News that a big hydrogen project could be built in Newfoundland to supply clean fuel to Germany and other parts of Europe cut off from Russian gas has added newfound urgency to the nascent technology Canada is counting on to reduce carbon emissions.
Prime Minister Justin Trudeau and German Chancellor Olaf Scholz will sign a green-energy purchase deal next week in Stephenville, NL, where a proposed plant will use as many as 164 wind turbines to produce hydrogen and ammonia for export.
Ottawa is betting heavily on hydrogen to power much of this country’s — and the world’s — transition away from fossil fuels, whether via hydrogen fuel-cell trucking, hydrogen-powered industry or hydrogen electricity generation.
Canada is among the top 10 producers of hydrogen in the world today, and world demand is projected to increase 10 times over by 2050. Projections show hydrogen providing 24 per cent of the world’s energy demands — and 30 per cent of Canada’s — by that time .
Canada has the water and cheap renewable electricity to be a world leader in hydrogen production, but the technologies that use hydrogen are still largely on the drawing board.
“Hydrogen is a zero-emitting energy source that represents both an important economic opportunity for Canada and an important tool to cut emissions across the Canadian economy. Canada has got a head start on the growing global market,” said federal Environment Minister Steven Guilbeault.
Here’s what’s at stake:
Why are people excited about hydrogen as an alternative fuel?
Hydrogen is a potent fuel that can run heavy machinery and energy-intensive industries, some of the hardest parts of the economy to decarbonize.
Unlike fossil fuels, it produces no greenhouse gas emissions when burned. With modifications, hydrogen can use existing natural-gas infrastructure, including pipelines, holding tanks, liquefaction plants and ships.
The technical limitations to using natural-gas infrastructure, however, will curtail the world’s ability to fuel switch rapidly. Eventually, hydrogen will need its own pipelines, tanks, ships and terminals.
Gray, blue and green hydrogen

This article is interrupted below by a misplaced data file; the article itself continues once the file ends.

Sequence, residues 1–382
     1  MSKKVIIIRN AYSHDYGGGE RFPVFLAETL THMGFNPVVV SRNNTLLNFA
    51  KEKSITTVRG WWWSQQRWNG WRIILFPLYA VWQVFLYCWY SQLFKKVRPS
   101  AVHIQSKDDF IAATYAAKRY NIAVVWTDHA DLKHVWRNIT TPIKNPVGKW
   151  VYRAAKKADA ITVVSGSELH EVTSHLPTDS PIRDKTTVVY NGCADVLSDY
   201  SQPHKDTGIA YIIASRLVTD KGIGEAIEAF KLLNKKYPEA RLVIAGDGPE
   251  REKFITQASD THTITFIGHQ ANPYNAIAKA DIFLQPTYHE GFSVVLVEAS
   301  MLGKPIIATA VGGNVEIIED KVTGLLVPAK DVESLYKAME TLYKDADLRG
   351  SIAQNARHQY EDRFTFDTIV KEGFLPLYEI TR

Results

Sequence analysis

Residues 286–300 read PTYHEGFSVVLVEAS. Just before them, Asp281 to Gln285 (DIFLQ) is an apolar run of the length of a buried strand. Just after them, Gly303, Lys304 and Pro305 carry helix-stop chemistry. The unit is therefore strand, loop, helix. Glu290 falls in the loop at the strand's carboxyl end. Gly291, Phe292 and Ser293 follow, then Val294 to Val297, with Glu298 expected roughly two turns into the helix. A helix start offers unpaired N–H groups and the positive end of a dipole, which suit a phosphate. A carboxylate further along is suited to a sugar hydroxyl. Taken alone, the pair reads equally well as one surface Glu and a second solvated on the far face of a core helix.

Not all hydrogen is created equal. The majority of current hydrogen is called “grey” because it uses methane (natural gas) to react with water in a production process called “steam reforming.” While inexpensive, this process produces emissions from the combustion and leakage of methane and and is only cleaner than making hydrogen from coal (“black” and “brown” hydrogen).
“Blue” hydrogen is gray hydrogen whose emissions are captured and stored permanently, mostly underground. This production technique holds promise for the Canadian oil patch, which can use hydrogen made from natural gas to lower its carbon footprint. But environment groups say blue hydrogen isn’t as clean as advertised.
“Even at its best, blue hydrogen doesn’t capture all the emissions and there’s no guarantee that it will stay captured forever,” said Jack Gibbons, chair of the Ontario Clean Air Alliance.
One academic study found that emissions from the production of blue hydrogen are only nine to 12 per cent lower than those from gray hydrogen.
“They looked at the worst-case scenario,” said Jan Gorski, an oil and gas analyst at the Pembina Institute. “Blue hydrogen can be emissions intensive if it’s done poorly. But it has the potential to be low carbon if done well.”
Green hydrogen — the kind that will be made at the proposed plant in Newfoundland — uses renewable energy to split water molecules into hydrogen and oxygen via a process called electrolysis. It produces no greenhouse gas emissions and currently makes up less than 0.1 per cent of world hydrogen production, mostly because of its higher cost … but as the price of renewables have come down, so has the price of green hydrogen.
Because it takes 10 liters of water to make a kilogram of hydrogen, Canada’s vast freshwater reserves and mostly clean electricity grid mean there’s great opportunity in the adoption of hydrogen as the clean fuel of the future.
“It makes a lot of sense,” said Mark Zacharias, executive direction of Clean Energy Canada. “Lots of countries have renewable energy. Water is Canada’s advantage.”
The East Coast’s proximity to Europe and the West Coast’s straight shot to Asia means there’s potential to develop hydrogen production on both coasts, he said.
Still a technology of the future
Unlike low-carbon technologies available now like electric cars and heat pumps, many of the end-uses of hydrogen are still on the drawing board.
The federal government’s hydrogen strategy, put out in 2020, highlights the roles that hydrogen can play in energy-intensive industries that are hard to decarbonize, like steel and cement production. Other uses include using hydrogen as a fuel for long-haul trucking, converting natural-gas electricity generation plants to burn hydrogen and blending hydrogen with natural gas for residential heating.
Apart from a small number of city buses powered by hydrogen fuel cells (approximately 2,000 worldwide), none of these applications are actually in widespread use today.
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